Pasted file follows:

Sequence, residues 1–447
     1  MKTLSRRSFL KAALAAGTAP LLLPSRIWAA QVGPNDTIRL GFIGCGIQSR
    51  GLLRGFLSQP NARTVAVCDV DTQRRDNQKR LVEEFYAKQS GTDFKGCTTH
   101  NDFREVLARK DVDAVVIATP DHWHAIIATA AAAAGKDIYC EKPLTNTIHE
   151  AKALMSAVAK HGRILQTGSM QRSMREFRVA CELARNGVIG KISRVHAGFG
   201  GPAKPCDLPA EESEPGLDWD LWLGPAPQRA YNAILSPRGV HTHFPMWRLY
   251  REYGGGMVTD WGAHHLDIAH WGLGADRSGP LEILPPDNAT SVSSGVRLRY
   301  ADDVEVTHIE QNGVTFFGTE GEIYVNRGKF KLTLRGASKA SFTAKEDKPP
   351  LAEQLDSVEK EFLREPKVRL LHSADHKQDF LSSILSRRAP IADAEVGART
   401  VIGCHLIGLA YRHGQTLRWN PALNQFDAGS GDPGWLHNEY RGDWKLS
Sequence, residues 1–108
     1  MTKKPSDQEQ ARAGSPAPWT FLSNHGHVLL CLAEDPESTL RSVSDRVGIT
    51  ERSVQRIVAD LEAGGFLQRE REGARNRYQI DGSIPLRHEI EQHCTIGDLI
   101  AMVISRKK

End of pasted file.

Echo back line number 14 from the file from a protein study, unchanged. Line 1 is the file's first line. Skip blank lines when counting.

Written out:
   101  AMVISRKK